So many come to a church building but have little personal connection with the God they come to worship. How can we bring back the luster of God’s presence in our lives on a daily basis?
We view our lives through the yardstick of years. We mark them with birthday candles on a cake or a “date of birth” on official documents. We need to change our measure of life. What happens when you bring it down to weeks? The average human being lives 4000 weeks. The number seems large until you start to use them. If you get out of college at 21, you have used over a quarter of them. Retirement at 65 means you have burned through 3380 weeks. For me, I have used up 3428 weeks. It was Moses that gave voice to the swiftness of life. “The years of our life are seventy, or even by reason of strength eighty; yet their span is but toil and trouble; they are soon gone, and we fly away.” (Psalm 90:10) Then he counsels, “So teach us to number our days that we may get a heart of wisdom.” (Psalm 90:12) Take a moment and let this sink in. Time passes faster than we imagine (and seems to speed up with the years). Unless we take stock of our lives in the time we have, we may miss what we can do for the Lord. So, what will you do with this week? -Robert G. Taylor-
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Many marriages found difficult times in the last year. How do we make marriage the cornerstone of an effective family and spiritual life?
For fifty years, Europe has sped down the autobahn of secular thought. Cathedrals do not contain worshippers, but sightseers. That is especially true about East Berlin. Freed from communist rule, it embraced an “anything goes” view of the world. It is not too surprising a new worship center opened called The House of One. It is not what you expect from a place that proclaims it is a place to worship. Using the codewords of “relevance” and “connections,” The House of One embraces all beliefs. The door is open to God, Jesus, Allah, and whatever philosophical system someone holds in its walls. Those who believe in “one God” receive an icy reception. One theologian at the center said, “This is not a club for monotheistic religions—we want others to join us.” The danger of believing as you want is ever-present. It was chiseled in marble or cast in bronze in the ancient world. Now it slips through world views taken for granted. But, the truth that gets ignored is the truth that can save. Jesus told his disciples: “I am the way, and the truth, and the life. No one comes to the Father except through me.” (John 14:6) While those words form too narrow a thought for the world, they serve as the door to eternity. We must choose the way to follow. -Robert G. Taylor-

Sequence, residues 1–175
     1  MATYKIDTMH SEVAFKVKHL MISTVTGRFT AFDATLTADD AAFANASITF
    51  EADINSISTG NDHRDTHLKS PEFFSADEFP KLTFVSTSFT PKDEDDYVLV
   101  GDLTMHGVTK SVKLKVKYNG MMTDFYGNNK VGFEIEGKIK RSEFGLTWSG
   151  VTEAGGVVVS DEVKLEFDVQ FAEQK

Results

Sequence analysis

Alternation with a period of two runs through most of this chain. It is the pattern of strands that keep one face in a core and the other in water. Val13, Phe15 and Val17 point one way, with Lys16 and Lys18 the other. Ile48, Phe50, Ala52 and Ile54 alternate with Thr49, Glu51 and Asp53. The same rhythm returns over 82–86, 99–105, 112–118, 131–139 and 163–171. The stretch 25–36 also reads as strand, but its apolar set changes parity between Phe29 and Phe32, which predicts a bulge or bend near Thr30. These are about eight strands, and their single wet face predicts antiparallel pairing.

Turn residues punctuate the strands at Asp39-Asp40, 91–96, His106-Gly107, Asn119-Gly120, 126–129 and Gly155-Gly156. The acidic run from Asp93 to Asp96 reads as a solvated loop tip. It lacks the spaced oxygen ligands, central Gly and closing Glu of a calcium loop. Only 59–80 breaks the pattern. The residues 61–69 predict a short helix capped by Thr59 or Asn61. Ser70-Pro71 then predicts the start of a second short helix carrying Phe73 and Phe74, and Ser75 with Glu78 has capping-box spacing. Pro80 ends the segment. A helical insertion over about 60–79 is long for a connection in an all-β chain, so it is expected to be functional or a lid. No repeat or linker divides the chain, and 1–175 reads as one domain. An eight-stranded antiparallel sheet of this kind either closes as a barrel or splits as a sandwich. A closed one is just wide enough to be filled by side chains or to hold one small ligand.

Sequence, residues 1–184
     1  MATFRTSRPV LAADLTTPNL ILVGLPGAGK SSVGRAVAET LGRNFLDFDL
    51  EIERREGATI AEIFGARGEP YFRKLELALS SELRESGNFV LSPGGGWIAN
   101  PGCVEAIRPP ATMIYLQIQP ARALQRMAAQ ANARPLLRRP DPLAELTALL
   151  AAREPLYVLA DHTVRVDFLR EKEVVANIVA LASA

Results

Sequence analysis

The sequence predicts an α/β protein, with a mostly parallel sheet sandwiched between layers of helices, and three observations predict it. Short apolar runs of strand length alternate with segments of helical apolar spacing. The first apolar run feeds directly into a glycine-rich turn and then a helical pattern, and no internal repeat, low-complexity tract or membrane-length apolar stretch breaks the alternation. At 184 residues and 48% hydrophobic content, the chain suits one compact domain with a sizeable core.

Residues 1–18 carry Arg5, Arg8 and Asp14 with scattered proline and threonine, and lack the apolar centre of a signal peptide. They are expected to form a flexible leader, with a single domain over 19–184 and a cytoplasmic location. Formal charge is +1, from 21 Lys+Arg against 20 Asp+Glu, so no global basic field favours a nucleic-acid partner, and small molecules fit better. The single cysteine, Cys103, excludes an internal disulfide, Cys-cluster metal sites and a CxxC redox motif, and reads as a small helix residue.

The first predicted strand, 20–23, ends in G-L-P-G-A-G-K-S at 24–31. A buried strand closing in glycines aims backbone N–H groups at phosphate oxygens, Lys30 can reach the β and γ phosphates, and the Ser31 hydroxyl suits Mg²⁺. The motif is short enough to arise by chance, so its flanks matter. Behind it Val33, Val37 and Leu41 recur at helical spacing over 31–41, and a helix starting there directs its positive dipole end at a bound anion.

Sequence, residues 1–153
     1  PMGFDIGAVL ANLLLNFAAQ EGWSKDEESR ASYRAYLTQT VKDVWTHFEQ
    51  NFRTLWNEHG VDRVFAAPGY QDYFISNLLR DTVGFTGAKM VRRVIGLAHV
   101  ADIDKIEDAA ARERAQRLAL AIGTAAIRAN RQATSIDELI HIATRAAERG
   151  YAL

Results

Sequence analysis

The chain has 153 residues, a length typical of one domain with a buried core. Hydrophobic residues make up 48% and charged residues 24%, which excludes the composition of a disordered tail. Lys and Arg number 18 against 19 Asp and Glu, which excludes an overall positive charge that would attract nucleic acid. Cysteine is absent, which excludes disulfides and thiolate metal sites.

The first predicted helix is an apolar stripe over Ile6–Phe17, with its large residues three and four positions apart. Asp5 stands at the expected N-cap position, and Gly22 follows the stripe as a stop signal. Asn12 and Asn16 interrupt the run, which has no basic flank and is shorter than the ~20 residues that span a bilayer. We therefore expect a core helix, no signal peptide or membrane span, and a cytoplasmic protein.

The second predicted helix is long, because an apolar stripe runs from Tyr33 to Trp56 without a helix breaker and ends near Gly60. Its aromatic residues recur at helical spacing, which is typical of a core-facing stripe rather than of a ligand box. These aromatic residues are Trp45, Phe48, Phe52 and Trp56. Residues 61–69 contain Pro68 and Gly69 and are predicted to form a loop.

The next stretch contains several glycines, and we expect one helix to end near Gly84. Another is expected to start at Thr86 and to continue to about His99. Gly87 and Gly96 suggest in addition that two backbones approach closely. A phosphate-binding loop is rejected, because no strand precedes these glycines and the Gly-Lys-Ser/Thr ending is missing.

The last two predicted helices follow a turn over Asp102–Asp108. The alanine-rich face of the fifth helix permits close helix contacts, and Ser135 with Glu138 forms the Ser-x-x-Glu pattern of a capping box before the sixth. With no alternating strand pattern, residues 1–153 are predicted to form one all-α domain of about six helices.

Sometimes, turn about is fair play, as the saying goes. That’s what happened to two con men. The Spaniards attempted to sell a a supposed original work of the Spanish painter Goya. A man posing as an Arab sheik contacted them and paid 1.9 million dollars to a deal broker. When the sellers tried to deposit the money, the Geneva bank, they used to tell them it was counterfeit. A con man had conned the con men. John warned his readers about the danger of counterfeits. He told them, “Dear friends, do not believe every spirit, but test the spirits to see whether they are from God, because many false prophets have gone out into the world.” (1 John 4:1) God’s message is accurate, but human portrayals might be nothing more than fake. Before you believe something as truth, lay it against the Bible. If it doesn’t measure square, reject it. After all, con men are everywhere. -Robert G. Taylor-